Let’s Go Out to Eat!
When my father had advanced dry AMD (also called geographic atrophy) between 2005 and 2012, going out to eat was a problem for him, and as a result, a problem for those with him. He would have my mother put his reading glasses and a lighted magnifying glass in her purse. Much of the time, that wasn’t enough help for him to be able to read the menu.
His lack of good vision was very upsetting to him. We all knew when he was unhappy. He was also hard of hearing (but denied it) so reading the menu items to him wasn't always effective either. Poor dad didn't have many of the low vision aids that are available now.
Tips for reading menus with vision loss
One of many helpful organizations with a website is The American Printing House for the Blind with their website VisionAware. Their website says “For independent living with vision loss.” Their article ‘Reading Restaurant Menus’ gives some great advice! I’ve also added some tips from VIPs I work with (VIP = Visually Impaired People).1
Low tech help
Most restaurants run specials, but even with good vision, who can read them when they’re scratched on chalkboards? In most places, the waitperson tells you about them before you order. If they don’t, there’s no reason not to ask to hear about them. If there are too many specials or the menu is too long to deal with, you can always say something like, “What seafood dish would you recommend?”
Pocket-size or purse-size lighted magnifiers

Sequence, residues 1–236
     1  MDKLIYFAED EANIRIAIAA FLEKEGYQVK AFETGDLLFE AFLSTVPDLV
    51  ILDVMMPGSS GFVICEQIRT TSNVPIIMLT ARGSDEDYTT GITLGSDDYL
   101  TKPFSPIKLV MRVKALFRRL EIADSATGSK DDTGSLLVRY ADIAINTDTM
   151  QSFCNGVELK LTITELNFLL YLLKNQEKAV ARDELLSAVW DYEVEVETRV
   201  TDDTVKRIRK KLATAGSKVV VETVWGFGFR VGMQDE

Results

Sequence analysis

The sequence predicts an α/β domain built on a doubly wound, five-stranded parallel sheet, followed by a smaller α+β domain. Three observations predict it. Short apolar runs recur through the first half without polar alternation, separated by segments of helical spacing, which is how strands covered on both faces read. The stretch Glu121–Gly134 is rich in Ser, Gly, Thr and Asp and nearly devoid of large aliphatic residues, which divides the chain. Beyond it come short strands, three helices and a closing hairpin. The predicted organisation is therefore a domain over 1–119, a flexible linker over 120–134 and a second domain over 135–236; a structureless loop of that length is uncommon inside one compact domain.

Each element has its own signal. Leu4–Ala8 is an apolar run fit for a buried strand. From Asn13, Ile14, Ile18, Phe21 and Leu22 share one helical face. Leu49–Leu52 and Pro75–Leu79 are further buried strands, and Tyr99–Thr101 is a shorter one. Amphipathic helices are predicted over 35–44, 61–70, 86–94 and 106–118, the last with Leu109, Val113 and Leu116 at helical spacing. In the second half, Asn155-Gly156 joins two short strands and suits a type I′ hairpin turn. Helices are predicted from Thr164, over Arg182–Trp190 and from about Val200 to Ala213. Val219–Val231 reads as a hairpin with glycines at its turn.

These handy and often inexpensive magnifiers are available in department stores, pharmacies, and specialty stores. They’re also available online. You can search Amazon.com or other sources of low vision aids for ‘handheld lighted magnifier.’ Make sure you stock up on batteries. Also, remember, anytime you buy something like this, make sure you can return it for free. For help choosing the right magnifier, you can search for 'magnifiers macular degeneration.' FYI, some people spell it 'magnifyers.'
Large print menus
You can ask if they have a large print menu, a magnifying glass you can use, an audio recording of the menu or even a flashlight. The Americans with Disabilities Act (ADA) provides guidelines for businesses such as restaurants. Although it’s not a law, they recommend "Businesses that hand out simple printed materials have several options. A restaurant, for example, can have its waiters read the menu to a diner who is blind or can provide an audio recording of the menu. For customers who have low vision, the restaurant can have some menus printed in larger print or can keep a magnifying glass available for customer use (and a flashlight in low light situations)."2
High tech help
The internet has given us access to so much information including online menus for many restaurants. To do a search, type the name of the restaurant followed by the word 'menu.' I did a search 'Applebees menu' and easily found their online menu.
If you know how to save links or create bookmarks on your device, it's helpful to do that for your favorite places. You can print many of the menus or bring them home with you to start a collection you can check before you go out.
I need more light
There are several handy features of smartphones that can help in a restaurant. If you just need more light, there is a built-in flashlight and flashlight apps. On an iPhone, you can ask Siri "Turn on my flashlight." Then when you're done "Turn off my flashlight.'
I forgot my lighted magnifier
Smartphones have magnification capabilities using the built-in camera. You can find step-by-step instructions on the very helpful 'How to Magnify the Screen on Your Smartphone or Tablet.'
There's no reason why you can't continue to go out to eat and be able to choose delicious things to eat! Enjoy!
Are you aware of assistive technology for AMD?